Forbes is reporting that Ford Motor Company has received a patent for an in-car movie theater. Presumably, cars of the future will need to entertain their occupants while sensors and computers do the driving. The Ford proposal shows a movie screen that drops down to cover the front windshield. A projector would then descend from the roof to project images on the screen. The patent drawings even show the front seats removed. Apparently Ford thinks when we go over the river and through the woods to grandmother’s house, we will leave them at home so we can stretch out and watch re-runs of My Mother The Car on the way.
According to Ford’s patent application,”The entertainment system controller presents media content on a first display while the vehicle is operating in the autonomous mode and on a second display when the vehicle is operating in a non-autonomous mode.” That second display could be in “a dashboard, an instrument cluster, or a rearview mirror.”
The system would include a system of warnings to alert those inside if it is necessary for a human being to take over control of the car while Crash! is playing on the wide screen. As Forbes points out, isn’t it a little contradictory to show a system that lets the front seats be removed but still presupposes the need for a human driver from time to time?
At the Consumer Electronics Show in January, Ford’s chief technology officer, Raj Nair, told the audience that while Ford is working on fully autonomous cars, it thinks they will be used “only in defined conditions, such as highway driving or in smart cities.” Outside of those conditions, Ford cars would simply offer driver assistance technologies, such as lane correction, hazard warnings and autonomous parallel parking. Also at CES, Ford president Mark Fields said his company is not in a hurry to be the first manufacturer of autonomous vehicles. ”Our priority is in making the first Ford autonomous vehicle accessible to the masses and truly enhancing customers’ lives.”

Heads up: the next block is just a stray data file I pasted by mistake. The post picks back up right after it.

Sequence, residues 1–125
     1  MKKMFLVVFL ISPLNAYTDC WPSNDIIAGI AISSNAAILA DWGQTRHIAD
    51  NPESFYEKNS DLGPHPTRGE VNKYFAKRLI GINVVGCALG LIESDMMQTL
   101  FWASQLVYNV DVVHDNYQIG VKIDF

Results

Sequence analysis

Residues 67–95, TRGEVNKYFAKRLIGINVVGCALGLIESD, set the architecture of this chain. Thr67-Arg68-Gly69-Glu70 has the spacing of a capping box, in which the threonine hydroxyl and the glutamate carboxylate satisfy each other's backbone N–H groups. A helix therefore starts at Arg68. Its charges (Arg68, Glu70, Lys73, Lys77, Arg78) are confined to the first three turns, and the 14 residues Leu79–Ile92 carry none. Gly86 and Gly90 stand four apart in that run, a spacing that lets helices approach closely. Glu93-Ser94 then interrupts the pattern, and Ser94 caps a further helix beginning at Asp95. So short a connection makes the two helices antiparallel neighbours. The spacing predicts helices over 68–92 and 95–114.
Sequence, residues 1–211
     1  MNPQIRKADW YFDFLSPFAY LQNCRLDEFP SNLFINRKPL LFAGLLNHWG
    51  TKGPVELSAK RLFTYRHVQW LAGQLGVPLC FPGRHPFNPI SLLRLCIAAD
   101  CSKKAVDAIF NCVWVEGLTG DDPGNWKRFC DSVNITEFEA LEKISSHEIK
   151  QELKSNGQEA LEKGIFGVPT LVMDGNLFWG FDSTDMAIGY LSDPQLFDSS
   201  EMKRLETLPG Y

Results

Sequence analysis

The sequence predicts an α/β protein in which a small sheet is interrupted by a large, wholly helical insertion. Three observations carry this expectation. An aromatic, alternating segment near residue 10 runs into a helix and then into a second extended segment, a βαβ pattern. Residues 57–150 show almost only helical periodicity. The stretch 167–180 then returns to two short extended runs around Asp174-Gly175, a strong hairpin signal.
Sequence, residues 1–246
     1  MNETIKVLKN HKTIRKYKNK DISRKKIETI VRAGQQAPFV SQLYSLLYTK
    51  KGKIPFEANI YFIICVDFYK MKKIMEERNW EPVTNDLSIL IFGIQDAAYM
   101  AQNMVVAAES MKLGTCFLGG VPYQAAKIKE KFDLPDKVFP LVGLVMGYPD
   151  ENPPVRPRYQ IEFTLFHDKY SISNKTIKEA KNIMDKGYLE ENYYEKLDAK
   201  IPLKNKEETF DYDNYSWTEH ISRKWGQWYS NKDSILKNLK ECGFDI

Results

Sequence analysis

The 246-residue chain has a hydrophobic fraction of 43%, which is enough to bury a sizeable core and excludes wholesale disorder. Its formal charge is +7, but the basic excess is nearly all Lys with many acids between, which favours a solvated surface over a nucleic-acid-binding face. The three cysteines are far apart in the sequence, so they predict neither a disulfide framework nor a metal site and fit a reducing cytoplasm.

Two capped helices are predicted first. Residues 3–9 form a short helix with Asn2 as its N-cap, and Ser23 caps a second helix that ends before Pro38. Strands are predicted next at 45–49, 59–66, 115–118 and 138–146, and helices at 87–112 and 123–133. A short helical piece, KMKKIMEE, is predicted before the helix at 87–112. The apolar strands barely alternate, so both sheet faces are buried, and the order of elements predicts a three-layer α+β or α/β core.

The opinions expressed by Nair and Fields have provoked a quibble from Lawrence Burns, a mobility expert who is also a former GM executive. He thinks they reflect a lack of appreciation for where the future of mobility is headed. He says the idea of individuals owning private cars is a quaint, old fashioned notion.
“In the current automobile system, the challenge the auto companies have is how are they going to find enough resource to meet these aggressive fuel-economy regulations, these new electric vehicle requirements, and still stay in the race against Google, Uber, Apple, Tesla, on self-driving cars? Especially if their approach is to evolve self-driving features that keep the driver in the loop and end up adding more cost to the car. I personally think this is a dead-end for the auto industry. They’re going to have to think differently.”
That’s not to say we won’t be watching movies inside autonomous cocoons while we go from place to place in the future. It is more to suggest that we won’t own those transportation pods. The biggest question for traditional car companies is not entertaining passengers, Burns suggests. Rather, it is whether they will become irrelevant.
Ford could take a clue from Norway, where national policies seek to severely restrict the growth of automobiles over the next 15 years. In fact, Norway wants no more cars on its roads in 203o than it has now. That has to be troubling for anyone whose main business is manufacturing and selling automobiles.